By Howard Kurtz
Washington Post Staff Writer
Friday, July 25, 2008
After saying little in public during a weekend in Iraq and Afghanistan, Barack Obama met with traveling reporters near Jordan's Temple of Hercules, a gladiator standing his ground against the media hordes.
But even as the likes of NBC's Andrea Mitchell and ABC's Jake Tapper rose to press the Democratic candidate on Tuesday, television viewers back home heard nothing but faint voices in the wind. The journalists weren't miked; only Obama's answers came through loud and clear.
That may have been unintentional, but it underscored the degree to which Obama has controlled the message -- and, more important, the pictures -- during his exhaustively chronicled trek across the Middle East and Europe. Obama meeting the troops, meeting the generals, meeting prime ministers and kings, drawing a huge crowd in Berlin yesterday -- the images trump whatever journalists write and say.
In short, though Obamapalooza was not quite the lovefest that some expected, news outlets provided a spotlight so bright that their own people were left in the shadows.
"The pictures bring people into the story," says Jerry Rafshoon, who was President Jimmy Carter's media adviser. "In the television age, the more people who can see him in the role of commander in chief, the better it is for him." By contrast, Rafshoon says, when John McCain was seen riding around Kennebunkport in a golf cart with former president George H.W. Bush, "you're seeing him with his generation, the older generation. They looked like the past."
Dorrance Smith, President Bush's former Pentagon spokesman and a onetime ABC News producer, agreed that "the pictures have dominated. . . . In a campaign, that's as good as gold. The pictures would have broken through whether there was a one-camera pool or every anchor in the world."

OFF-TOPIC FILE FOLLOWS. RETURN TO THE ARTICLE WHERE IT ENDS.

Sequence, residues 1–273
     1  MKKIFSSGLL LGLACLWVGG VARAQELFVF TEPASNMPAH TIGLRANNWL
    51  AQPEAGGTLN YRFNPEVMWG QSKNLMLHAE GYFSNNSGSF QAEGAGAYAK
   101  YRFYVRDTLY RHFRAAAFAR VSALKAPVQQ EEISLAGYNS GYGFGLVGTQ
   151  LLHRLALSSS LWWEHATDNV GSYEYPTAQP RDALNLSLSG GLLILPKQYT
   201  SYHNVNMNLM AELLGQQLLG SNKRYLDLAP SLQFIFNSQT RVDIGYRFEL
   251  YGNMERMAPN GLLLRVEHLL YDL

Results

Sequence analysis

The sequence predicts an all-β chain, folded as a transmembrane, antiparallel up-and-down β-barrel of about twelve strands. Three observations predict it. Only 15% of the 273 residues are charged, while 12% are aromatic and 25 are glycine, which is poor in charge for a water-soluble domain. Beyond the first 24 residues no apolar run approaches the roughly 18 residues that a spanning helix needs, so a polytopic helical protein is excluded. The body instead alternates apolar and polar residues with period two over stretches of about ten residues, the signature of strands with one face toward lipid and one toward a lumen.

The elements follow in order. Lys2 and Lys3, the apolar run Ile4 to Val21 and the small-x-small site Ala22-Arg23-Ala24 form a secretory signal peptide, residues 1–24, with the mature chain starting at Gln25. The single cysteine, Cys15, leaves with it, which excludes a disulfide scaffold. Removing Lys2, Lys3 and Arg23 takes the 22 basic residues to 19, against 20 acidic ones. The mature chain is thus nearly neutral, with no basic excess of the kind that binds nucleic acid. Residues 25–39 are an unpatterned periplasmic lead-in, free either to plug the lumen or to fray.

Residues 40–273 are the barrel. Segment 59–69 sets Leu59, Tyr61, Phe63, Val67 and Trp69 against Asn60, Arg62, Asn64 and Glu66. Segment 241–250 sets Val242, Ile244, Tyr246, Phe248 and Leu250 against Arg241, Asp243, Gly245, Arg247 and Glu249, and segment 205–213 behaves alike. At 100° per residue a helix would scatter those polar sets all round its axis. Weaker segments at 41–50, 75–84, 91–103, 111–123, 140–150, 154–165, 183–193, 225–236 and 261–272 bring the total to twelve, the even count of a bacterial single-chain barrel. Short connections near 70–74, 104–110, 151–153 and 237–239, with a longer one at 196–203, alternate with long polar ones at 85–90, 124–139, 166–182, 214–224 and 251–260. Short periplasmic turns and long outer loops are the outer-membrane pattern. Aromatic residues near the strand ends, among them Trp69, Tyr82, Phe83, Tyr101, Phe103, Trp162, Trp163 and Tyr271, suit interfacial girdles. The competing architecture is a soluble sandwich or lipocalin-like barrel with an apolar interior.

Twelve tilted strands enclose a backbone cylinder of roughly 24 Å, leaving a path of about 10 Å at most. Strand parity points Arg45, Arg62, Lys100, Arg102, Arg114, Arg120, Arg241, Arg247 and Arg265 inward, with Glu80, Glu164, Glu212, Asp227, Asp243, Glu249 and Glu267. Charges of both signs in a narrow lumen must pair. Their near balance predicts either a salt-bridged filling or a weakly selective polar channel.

Beyond the images, most journalists and pundits have depicted the trip as an unalloyed triumph. "A slam-dunk success," in the words of Time's Joe Klein; "a real grand slam," as Salon Editor Joan Walsh put it on "Hardball."
Obama became increasingly accessible as the week wore on. He held a second news conference in Israel, granted interviews to Time and Newsweek, and agreed to sit-downs through the weekend with CNN, Fox and "Meet the Press." Beyond that, he did something he rarely does: joking around with reporters on his plane.
Singling out New York Times columnist Maureen Dowd yesterday, Obama said: "What are you guys going to do in Berlin? Huh? Dowd? You got any big plans?"
He brushed aside a scribe's suggestion that he would attract "a million screaming Germans. Let's tamp down expectations here."
One reporter lowered the estimate to 900,000; another said, "Let's start a pool."
"We could!" Obama said.
While the scene looked cozy, the reporters asked substantive foreign-policy questions in more formal settings. And the three network anchors, whose presence came to symbolize complaints that the media were blanketing the trip as if it were a state visit, earned their paychecks.
CBS's Katie Couric repeatedly pressed Obama on why he wouldn't acknowledge the military success of Bush's surge in Iraq. ABC's Charlie Gibson asked about public sentiment that he's inexperienced and challenged him about changing his position on the status of Jerusalem, questioning whether that was a "rookie mistake." NBC's Brian Williams invoked a poll finding that a majority of Americans view him as the riskier choice for president. All three newscasts, whether out of guilt or a sense of fairness, also featured interviews with McCain.
All week, McCain was asked whether the media were favoring Obama. He deflected the question with the mantra: "It is what it is."
The loudly debated charge that news organizations are fawning over the Obama trip -- especially when contrasted with the meager attention paid to McCain's foreign travels -- seeped into the coverage itself.